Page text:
Guenther Steiner sees no back-of-the-grid teams in F1 this year
The opening two races of the season in Bahrain and Saudi Arabia appear to have already established a pecking order.
Red Bull is seemingly in a class of its own at the front of the field after scoring a brace of one-twos to open a campaign for the first time in its 19-season history.
Aston Martin, Mercedes and Ferrari are then vying for the best-of-the-rest tag, with Alpine at the back of that pack.
Beyond that, Haas is joined by Alfa Romeo, McLaren, Williams and AlphaTauri in what Steiner claims makes up the midifeld. The quintet has scored just six points between them.
‘There are four very strong teams now in Formula 1,” assessed Steiner.
“It means there are only a few points available for the midfield teams and everyone is in that midfield. From P6 down it's all midfield, there is nobody behind.
“So we must take every opportunity. I think we are in the midfield, the upper end of it, but every race could see a change in where each team is.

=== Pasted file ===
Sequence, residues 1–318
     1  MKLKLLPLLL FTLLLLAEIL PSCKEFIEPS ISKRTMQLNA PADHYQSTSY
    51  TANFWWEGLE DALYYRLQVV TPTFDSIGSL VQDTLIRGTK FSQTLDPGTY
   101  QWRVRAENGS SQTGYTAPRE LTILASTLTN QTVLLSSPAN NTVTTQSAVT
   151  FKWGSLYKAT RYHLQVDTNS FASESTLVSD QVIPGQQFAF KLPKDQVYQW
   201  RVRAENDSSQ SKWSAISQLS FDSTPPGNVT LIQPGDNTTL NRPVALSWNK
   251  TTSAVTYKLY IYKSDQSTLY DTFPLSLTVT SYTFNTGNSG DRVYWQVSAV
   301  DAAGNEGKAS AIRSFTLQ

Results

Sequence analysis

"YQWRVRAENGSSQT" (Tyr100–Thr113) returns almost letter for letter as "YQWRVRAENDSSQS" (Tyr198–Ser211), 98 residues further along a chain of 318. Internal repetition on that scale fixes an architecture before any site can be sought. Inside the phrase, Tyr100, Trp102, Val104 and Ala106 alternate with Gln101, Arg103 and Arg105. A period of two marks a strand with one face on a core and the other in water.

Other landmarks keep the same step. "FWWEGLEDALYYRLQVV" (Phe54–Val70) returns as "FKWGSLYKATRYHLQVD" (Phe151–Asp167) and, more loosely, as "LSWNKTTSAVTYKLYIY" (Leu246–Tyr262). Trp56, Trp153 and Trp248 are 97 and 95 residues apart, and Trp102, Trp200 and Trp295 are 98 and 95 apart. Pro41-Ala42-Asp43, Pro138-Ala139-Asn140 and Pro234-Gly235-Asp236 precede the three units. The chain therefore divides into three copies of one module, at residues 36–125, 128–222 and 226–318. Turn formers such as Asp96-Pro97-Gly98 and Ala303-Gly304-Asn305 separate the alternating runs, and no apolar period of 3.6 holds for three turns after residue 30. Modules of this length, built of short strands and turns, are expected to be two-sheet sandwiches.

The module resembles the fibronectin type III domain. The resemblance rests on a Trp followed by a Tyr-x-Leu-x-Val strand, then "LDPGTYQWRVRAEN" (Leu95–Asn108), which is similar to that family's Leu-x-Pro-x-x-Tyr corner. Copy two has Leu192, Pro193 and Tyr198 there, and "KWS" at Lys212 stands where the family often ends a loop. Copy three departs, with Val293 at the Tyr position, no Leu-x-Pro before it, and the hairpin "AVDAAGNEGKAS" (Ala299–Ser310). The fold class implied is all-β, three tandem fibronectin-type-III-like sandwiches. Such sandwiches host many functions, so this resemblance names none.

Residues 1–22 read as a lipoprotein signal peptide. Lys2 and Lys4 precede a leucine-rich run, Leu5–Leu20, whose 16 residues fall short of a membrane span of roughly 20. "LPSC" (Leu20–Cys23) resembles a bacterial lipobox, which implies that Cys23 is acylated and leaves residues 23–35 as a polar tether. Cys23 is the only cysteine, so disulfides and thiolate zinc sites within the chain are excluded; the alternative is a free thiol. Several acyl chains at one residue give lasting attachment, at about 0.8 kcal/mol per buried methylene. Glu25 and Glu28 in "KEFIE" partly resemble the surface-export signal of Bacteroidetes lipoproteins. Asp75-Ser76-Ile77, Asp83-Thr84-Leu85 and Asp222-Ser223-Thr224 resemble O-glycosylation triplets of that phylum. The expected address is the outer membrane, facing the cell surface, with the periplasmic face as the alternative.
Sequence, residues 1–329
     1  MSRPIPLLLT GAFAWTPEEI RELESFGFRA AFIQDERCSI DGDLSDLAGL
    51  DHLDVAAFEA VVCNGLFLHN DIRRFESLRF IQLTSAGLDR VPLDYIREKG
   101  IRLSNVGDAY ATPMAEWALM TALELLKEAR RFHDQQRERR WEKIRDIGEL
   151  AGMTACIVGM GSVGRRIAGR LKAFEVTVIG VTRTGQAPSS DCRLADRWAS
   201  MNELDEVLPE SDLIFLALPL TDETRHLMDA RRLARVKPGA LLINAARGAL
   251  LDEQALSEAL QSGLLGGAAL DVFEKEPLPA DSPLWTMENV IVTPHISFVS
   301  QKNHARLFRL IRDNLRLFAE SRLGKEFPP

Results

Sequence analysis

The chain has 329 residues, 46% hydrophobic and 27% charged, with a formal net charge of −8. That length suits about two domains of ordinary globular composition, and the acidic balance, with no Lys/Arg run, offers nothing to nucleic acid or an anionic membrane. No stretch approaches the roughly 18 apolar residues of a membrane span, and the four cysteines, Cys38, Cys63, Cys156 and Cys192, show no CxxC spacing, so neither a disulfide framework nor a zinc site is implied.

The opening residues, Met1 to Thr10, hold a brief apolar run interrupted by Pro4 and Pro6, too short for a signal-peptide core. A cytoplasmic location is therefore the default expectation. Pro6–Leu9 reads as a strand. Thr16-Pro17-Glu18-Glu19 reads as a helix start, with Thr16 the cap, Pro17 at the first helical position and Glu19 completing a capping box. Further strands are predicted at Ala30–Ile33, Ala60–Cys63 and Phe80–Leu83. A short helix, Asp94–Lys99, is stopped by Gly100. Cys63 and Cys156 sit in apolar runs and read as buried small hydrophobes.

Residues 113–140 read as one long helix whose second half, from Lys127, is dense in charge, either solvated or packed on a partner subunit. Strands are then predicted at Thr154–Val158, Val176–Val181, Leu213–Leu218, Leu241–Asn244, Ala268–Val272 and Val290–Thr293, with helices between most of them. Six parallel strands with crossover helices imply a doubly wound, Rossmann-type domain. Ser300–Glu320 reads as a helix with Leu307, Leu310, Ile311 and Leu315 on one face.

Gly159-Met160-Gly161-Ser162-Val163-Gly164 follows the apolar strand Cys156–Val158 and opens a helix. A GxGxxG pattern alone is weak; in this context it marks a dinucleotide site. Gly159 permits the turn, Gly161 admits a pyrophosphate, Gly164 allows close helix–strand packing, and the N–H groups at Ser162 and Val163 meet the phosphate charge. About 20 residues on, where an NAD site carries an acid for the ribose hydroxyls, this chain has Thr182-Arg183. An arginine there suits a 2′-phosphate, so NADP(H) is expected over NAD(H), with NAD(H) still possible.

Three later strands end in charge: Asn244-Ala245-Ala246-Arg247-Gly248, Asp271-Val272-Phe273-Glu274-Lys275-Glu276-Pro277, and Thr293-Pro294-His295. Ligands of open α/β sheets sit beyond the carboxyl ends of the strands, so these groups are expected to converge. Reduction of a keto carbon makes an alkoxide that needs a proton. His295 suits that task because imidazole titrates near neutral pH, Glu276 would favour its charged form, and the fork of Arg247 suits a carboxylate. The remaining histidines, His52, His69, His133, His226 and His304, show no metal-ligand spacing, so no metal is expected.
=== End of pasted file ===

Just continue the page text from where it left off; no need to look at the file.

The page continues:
“The only thing to do at the moment is to work hard and try not to make mistakes because they will cost dearly.”
Steiner believes point breeds motivation
Haas at least managed to get off the mark in the last race in Saudi Arabia where Kevin Magnussen finished 10th.
The Dane had to work hard to clamber into the points as the VF-23 adapted well to the high-speed layout of the Jeddah Corniche Circuit where tyre degradation was less of an issue than the Bahrain International Circuit a fortnight previously.
With Steiner confirming Haas' target is to improve on its eighth place in last year's constructors' standings, he added: “In Bahrain, we didn't score but now we've scored one point, in Saudi Arabia, and it was done pretty well.
“By saying that, I mean we didn't luck into the point, we fought well for it.
“Getting points is the biggest motivation for the team, if you get points the team is happy and motivated to get up and go to the next race.”
Next up is this weekend's race at Melbourne's Albert Park that last year unveiled a number of changes to improve the racing spectacle.
Magnussen, for one, feels the tighter, slightly twistier original version was better from a driver's perspective.
“I think the promoter has done a pretty good job with the new layout, but I don't know if it's better,” said Magnussen.
“I still really like the old track. It had real character to it and now it's maybe a bit similar to other tracks we go to.
“But it's become a faster and more flowing circuit, which is fun in a Formula 1 car. I do like the old track a bit more.”